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Complications decoupling View and Controller

 
Sam O'Neill
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Hi everyone.
Mark I decided to follow your advice regarding the separation of View and Controller so now my View implements an interface that provides methods for adding Actions to particular GUI components e.g.

and my Controller then calls these methods on the View passing in Actions defined as inner classes in the Controller.
So far so good.
My worry is that from here my View interface then started to become more and more complex to accommodate the lack of reference to the Controller as it has to provide methods to allow the Controller to query the View for information such as the selected row in the JTable, the selected flight origin and destination and the DB path/IP address of the database file to be used.


In addition to this my View also provides methods to show() and hide() the various dialogs and the main View itself so that the View and all of its components can be constructed first then passed to the Controller without yet being displayed. The Controller then takes charge of calling the show() methods once its Actions have been constructed and passed to the View to attach to the components that will trigger them.
So now I have...

So my concern is that my interface that my View must conform to for the Controller to work is raging out of control in size and that I am missing something here which will allow my Controller to obtain the relevant information from the View without inflating the number of hook methods the View must implement.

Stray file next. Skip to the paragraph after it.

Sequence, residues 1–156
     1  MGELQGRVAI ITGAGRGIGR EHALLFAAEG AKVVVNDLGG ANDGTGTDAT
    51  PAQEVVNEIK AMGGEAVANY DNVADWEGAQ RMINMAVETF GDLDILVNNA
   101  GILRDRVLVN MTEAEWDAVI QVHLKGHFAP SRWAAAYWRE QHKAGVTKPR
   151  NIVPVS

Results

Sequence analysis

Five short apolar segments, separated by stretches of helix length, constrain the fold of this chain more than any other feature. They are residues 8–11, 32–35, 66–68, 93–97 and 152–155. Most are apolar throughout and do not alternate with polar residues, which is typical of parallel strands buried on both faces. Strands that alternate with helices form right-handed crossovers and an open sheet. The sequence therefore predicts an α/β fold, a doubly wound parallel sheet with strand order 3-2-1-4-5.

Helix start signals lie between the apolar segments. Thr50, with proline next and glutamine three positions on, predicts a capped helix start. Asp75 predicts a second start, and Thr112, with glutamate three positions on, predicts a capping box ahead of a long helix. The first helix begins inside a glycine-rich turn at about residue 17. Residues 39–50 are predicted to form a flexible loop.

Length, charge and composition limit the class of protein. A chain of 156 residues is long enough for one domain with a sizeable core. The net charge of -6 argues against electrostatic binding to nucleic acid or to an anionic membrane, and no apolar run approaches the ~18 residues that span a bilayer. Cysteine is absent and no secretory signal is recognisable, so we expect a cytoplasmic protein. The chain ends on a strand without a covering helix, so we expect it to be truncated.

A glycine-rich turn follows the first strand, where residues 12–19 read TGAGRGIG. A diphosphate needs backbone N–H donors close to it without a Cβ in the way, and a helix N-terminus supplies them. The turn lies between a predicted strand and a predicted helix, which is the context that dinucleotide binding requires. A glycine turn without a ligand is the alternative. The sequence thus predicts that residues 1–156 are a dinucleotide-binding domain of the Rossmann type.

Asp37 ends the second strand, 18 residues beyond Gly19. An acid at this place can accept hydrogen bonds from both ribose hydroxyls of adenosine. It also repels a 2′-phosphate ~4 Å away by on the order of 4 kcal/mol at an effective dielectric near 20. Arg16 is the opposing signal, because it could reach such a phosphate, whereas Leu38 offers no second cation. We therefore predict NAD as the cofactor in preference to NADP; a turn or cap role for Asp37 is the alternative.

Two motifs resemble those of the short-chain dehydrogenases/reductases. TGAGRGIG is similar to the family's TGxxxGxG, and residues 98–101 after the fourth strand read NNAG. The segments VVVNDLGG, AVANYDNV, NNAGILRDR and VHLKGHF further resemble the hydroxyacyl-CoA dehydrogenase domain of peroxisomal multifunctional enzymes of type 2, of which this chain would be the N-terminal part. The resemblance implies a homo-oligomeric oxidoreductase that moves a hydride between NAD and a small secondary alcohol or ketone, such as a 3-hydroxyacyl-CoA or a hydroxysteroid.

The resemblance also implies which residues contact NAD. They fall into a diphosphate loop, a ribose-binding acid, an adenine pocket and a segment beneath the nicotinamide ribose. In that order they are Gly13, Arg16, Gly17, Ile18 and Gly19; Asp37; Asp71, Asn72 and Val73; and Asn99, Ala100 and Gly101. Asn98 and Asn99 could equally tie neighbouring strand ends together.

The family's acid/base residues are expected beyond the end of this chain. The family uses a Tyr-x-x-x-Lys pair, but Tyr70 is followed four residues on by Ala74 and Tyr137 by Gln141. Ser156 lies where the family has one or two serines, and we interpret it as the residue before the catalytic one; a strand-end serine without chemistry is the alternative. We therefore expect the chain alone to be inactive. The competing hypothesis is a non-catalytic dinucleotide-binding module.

I remember reading one of your mails Mark that mentioned the way to decouple the View and Controler was by using Actions. Could you elaborate on this as I am using Actions because I have duplicate menu options and buttons bt am unsure how the Actions can be used to obatin information from the View without requiring the View to implement hook methods.
What I am basically asking is how do I find out what row has been selected in the View if my View has no reference to the Controller and I don't provide a hook method in the View?
Sorry if this has turned into an epic to rival 'War and Peace' but really am stumped by this. If the View implements such a large interface for the Controller are they not then still highly coupled in any case?
Many, many thanks for any input - much appreciated.
Sam
 
aadhi agathi